• ■ Churches
  • ● Global/regional order
  • ■ Arab League
  • ■ United Nations
  • ■ Western states
  • ● The State in the Middle East
  • ■ Ottoman/Qajar (shifting position; institutionalization of identity)
  • ■ Mandate states (role within; minorization; opportunities for migration)
  • ■ Independent states (role within; nationalism, activism)
  • ■ Authoritarian regimes (C.f. retrenchment in contemporary Egypt and Syria)
  • ■ Weak/failing states (responses to challenges/collapse of state authority e.g Lebanon, Iraq, Syria)
  • ● Within religious communities
  • ■ C.f. neutrality/cooption v-a-v state,
  • ■ Religious legal structures (millet; personal status; waqf)
  • ■ Clergy-lay relations
  • ■ Hierarchies and roles within church/community (patriarchal roles, gender, generation, migrants)
  • ● Social institutions
  • ■ Sports
  • ■ Cultural institutions
  • ■ NGO
  • ■ schools
  • ● Personal/Familial
  • ■ Family networks and migration
  • ■ Personal Status Laws

Please send an abstract of 250-300 words for a paper of 15-20 minutes, as well as brief biographical details, to Dr. Fiona McCallum fm25@st-andrews.ac.uk by 10th November 2017.

Submissions will be reviewed by the Panel Convenors Dr Christine Lindner, Dr Mark Calder and Dr Fiona McCallum and successful panellists will be notified within two weeks of the deadline.

Further information on WOCMES-5 is available on the WOCMES-5 website (http://wocmes2018seville.org/web/index.php/en/).

Dr Fiona McCallum

School of International Relations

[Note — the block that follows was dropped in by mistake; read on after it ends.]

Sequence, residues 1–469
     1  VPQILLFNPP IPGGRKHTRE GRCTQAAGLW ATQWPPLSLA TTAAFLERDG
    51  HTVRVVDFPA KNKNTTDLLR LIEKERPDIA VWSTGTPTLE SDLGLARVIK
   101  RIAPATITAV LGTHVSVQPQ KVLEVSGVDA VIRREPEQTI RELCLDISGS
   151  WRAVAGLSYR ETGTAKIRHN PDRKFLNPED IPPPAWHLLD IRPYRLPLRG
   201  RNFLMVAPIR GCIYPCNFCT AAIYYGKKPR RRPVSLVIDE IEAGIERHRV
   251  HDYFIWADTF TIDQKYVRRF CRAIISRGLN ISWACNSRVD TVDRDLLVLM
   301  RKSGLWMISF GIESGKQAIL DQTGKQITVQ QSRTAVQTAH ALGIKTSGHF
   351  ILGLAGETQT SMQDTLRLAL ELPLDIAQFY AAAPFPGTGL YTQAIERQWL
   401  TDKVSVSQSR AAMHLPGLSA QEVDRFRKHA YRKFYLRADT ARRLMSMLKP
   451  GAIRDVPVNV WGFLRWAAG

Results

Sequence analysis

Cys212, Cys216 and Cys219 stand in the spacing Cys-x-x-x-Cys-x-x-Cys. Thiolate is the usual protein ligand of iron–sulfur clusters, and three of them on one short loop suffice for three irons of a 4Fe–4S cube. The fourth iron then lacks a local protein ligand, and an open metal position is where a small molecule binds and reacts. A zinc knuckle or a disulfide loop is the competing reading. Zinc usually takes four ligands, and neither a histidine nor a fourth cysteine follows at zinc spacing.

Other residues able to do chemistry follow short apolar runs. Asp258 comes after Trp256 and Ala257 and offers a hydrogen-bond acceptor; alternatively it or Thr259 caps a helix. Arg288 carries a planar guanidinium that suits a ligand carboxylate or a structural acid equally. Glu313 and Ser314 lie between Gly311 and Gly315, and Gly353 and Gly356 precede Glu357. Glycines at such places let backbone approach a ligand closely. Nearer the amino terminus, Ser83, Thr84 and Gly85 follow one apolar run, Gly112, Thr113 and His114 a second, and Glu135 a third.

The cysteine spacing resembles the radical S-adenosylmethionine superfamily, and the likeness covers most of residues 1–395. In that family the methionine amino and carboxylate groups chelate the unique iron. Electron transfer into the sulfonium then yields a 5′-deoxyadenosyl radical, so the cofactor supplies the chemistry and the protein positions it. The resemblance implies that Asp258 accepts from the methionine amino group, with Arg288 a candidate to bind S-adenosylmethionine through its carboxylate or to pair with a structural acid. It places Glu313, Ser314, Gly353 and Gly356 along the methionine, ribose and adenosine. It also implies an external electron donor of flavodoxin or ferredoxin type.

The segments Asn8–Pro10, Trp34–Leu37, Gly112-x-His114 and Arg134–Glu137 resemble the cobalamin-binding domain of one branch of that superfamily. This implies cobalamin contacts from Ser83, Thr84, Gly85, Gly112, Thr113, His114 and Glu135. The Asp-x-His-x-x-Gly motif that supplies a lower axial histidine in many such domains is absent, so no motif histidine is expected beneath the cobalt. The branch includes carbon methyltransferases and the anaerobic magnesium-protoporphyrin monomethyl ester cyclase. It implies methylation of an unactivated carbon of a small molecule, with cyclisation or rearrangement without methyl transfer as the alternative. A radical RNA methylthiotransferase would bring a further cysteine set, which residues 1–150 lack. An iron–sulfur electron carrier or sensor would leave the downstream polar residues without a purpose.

Arts Faculty Building

University of St Andrews

St Andrews

KY16 9AX

Tel: +44(0)1334 462940

Conference CFP: “The Impact of Religion”

Invitation and Call for papers!

The Second International Conference on: The Impact of Religion: Challenges for Society, Law and Democracy

Uppsala University, Sweden, April 24-26th 2018

(Workshop for doctoral students April 23-24th)

Abstracts for paper presentations are invited on the following themes:                                         

  • Religion and migration
  • Religion in the public sphere, media and politics
  • Religious diversity, non-religion, secularism  
  • Religious freedom versus other human rights
  • Religion and youth, family, gender, sexuality
  • Religion and racism, discrimination, segregation
  • Religion and violence, terror and the security state
  • Faith based organisations as welfare providers, civil society, social capital
  • Existential health and well-being
  • Science and religion, relativism and absolutism
  • and other related  themes….
  • Additional special paper sessions are announced on the website

Comparative papers are particularly welcome. Theoretical, methodological and substantive issues will be given equal consideration. Thematic sessions will be organised out of the accepted abstracts. The conference language is English. Selected papers will be published!

Ø Deadline for the submission of abstracts (max 200 words): October 31st 2017